Endangered by Eliot Schrefer

Happy week of Thanksgiving! I finally had time to read a non-Shelf, non-course, non-work book thanks to the extra day off from work and the week off from school. I hope that after graduation, I’ll regularly have time to read for pleasure once again. I only review grown-up books for Shelf Awareness, so all reading of children’s and YA fic must happen in my spare time. Today, let’s talk about the first galley I’ve ever managed to get from Scholastic:

endangered cover art


by Eliot Schrefer

Scholastic Press, $17.99 Hardcover, 9780545165761, October 1, 2012

The Congo is a dangerous place, even for people who are trying to do good.

When one girl has to follow her mother to her sanctuary for bonobos, she’s not thrilled to be there. It’s her mother’s passion, and she’d rather have nothing to do with it. But when revolution breaks out and their sanctuary is attacked, she must rescue the bonobos and hide in the jungle. Together, they will fight to keep safe, to eat, and to survive.

Eliot Schrefer asks readers what safety means, how one sacrifices to help others, and what it means to be human in this new compelling adventure.

I’m way behind the curve on this book, as it’s been out nearly two months now, but I liked it so much that I decided to feature it anyway.

I related to 14-year-old Sophie, the heroine, instantly. When she sees a trader with an injured baby bonobo, she acts without thought and buys the ape for her mother, the head of a bonobo sanctuary. Her mom gets angry; hasn’t she told Sophie a million times that buying orphans only encourages trappers to kill more adult bonobos and steal the babies? Having worked in dog rescue, I could understand both the viewpoint of Sophie (the bonobo is tiny and helpless) and her mother (you can’t save animals by encouraging cruelty, even indirectly.) But regardless of the wisdom of Sophie’s decision, once she’s rescued little Otto, she has the responsibility of caring for him. After a rocky start, Otto develops from a sick, scabby, starved weakling into a healthy, loving baby bonobo who never leaves Sophie’s side. The attachment is bittersweet, though, because Sophie is supposed to return to her father in America at the end of the summer.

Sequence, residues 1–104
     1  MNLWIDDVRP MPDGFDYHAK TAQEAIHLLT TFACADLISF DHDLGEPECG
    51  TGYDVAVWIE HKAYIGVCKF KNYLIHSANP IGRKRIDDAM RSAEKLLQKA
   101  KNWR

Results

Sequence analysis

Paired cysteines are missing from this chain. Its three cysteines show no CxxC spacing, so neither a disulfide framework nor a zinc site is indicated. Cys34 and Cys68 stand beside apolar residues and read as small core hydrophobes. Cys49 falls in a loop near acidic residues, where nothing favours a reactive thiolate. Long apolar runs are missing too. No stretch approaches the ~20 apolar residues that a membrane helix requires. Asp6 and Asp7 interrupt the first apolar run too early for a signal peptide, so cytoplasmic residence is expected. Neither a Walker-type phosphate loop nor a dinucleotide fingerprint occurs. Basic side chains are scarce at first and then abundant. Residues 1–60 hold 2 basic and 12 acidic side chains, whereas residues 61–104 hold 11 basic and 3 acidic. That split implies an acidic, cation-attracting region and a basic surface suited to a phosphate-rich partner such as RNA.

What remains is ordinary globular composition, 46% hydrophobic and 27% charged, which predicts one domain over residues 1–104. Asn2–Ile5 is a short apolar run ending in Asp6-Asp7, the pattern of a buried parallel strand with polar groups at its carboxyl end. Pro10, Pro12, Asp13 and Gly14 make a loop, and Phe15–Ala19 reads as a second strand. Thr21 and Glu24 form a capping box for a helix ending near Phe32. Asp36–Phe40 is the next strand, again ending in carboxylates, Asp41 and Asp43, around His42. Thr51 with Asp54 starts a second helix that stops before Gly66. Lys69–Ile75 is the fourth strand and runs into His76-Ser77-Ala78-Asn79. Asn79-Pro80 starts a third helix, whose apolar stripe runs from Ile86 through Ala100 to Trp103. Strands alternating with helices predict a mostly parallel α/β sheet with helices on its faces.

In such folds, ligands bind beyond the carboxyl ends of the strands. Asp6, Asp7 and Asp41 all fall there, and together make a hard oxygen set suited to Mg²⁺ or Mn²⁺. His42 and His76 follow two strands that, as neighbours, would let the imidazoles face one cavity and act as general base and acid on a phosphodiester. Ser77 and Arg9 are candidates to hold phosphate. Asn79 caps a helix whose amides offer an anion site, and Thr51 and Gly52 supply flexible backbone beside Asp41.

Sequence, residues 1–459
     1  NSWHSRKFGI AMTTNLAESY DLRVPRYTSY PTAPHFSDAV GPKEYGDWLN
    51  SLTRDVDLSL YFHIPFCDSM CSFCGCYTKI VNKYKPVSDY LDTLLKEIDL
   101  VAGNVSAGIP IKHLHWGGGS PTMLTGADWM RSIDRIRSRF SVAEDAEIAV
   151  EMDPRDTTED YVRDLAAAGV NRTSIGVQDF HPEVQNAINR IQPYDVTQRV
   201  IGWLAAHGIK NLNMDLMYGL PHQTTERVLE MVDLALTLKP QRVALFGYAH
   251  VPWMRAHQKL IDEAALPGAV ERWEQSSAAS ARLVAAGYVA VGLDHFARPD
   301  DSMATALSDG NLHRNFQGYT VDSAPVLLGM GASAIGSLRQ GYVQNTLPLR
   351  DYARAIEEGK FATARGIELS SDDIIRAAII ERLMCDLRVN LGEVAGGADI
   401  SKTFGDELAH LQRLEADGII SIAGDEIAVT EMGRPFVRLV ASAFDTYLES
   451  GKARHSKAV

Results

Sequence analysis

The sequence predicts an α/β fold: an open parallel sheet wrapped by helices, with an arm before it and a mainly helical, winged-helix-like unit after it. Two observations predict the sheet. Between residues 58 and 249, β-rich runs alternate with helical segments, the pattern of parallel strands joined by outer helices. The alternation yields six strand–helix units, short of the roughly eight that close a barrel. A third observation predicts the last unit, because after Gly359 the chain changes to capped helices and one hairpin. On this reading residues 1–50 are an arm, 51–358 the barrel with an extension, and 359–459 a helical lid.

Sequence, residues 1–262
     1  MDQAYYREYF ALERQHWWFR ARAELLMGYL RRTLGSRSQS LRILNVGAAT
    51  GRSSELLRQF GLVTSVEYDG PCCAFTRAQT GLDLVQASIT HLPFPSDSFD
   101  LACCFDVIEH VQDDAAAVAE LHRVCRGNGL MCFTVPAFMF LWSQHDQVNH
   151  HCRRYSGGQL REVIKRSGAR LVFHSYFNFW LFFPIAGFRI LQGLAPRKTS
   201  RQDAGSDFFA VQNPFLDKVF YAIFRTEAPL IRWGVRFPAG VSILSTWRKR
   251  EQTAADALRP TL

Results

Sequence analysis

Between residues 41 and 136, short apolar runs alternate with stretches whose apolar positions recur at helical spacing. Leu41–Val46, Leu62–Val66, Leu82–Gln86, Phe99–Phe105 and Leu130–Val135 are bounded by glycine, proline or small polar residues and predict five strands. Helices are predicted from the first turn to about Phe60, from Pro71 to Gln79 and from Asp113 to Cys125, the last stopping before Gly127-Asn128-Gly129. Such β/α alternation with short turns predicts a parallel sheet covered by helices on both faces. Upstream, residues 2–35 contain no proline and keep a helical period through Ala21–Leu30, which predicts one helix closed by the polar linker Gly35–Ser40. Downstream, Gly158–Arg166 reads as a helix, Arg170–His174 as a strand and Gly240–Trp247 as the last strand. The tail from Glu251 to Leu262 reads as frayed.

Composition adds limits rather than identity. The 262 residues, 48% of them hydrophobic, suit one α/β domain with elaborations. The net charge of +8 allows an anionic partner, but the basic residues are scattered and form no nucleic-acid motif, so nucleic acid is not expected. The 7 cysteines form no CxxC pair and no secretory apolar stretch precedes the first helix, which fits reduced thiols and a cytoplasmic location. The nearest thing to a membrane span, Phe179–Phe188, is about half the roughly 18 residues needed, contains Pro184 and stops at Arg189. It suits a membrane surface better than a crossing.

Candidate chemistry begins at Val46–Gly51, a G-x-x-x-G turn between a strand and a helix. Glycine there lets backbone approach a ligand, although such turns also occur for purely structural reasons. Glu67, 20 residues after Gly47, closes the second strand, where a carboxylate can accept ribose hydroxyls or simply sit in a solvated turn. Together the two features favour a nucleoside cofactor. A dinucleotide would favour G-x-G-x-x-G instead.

Before her scheduled departure, war breaks out in the Congo. Her mother is away on a bonobo release expedition, certain that the fighting will not come in the direction of the sanctuary. As an American citizen, Sophie is given the chance to evacuate, but chooses to stay when Otto cannot accept her departure. Despite hopes that the fighting will not spread to their area, rebel soldiers come to the sanctuary and kill most of the staff. Sophie and Otto only survive by hiding with the adult bonobos in the sanctuary yard. While foraging for food and water in the sanctuary isn’t overly taxing, Sophie knows she and Otto cannot stay. The hungry soldiers are certain to enter the bonobo enclosure eventually, and a fourteen-year-old girl will prove easy prey. She’s also not safe with the adult bonobos, as Anastasia, the dominant female, has taken a dislike to her. Eventually she and Otto strike out on a journey across the war-torn, bug-infested landscape, where they try to avoid dehydration, starvation, and a multitude of soldiers and individuals who would love to prey on a young girl and turn Otto into dinner.

This book sent my blood pressure through the roof. Sophie is so sweet and fierce in her love for Otto, definitely a great illustration of how maternal instinct can extend across species. His dependence turns out to be her salvation on their journey, a constant reminder that she cannot give up or they will both die. The danger the pair shares is unrelenting, both of them on the verge of death several times. Schrefer’s imagining of the Congo at war had my heart in knots at all times from the brutality and poverty.

The personalization of the endangered species crisis works particularly well. The peace-loving Bonobos share more DNA with humans than any other ape species. Sophie reflects on this fact frequently, at one point equating the consumption of bonobo flesh to cannibalism.

Although filled with plenty of cuddly-cute baby bonobo moments, Endangered is overall realistically violent. People die, horribly. Bonobos die, horribly. However, this violence isn’t gratuitous. It’s meant to bring home the reality of war to a generation of teenage Americans insulated from the harsh realities of life outside our borders. A success on every level, Endangered should pierce the heart of any reader from the moment Sophie scoops Otto to the bittersweet ending.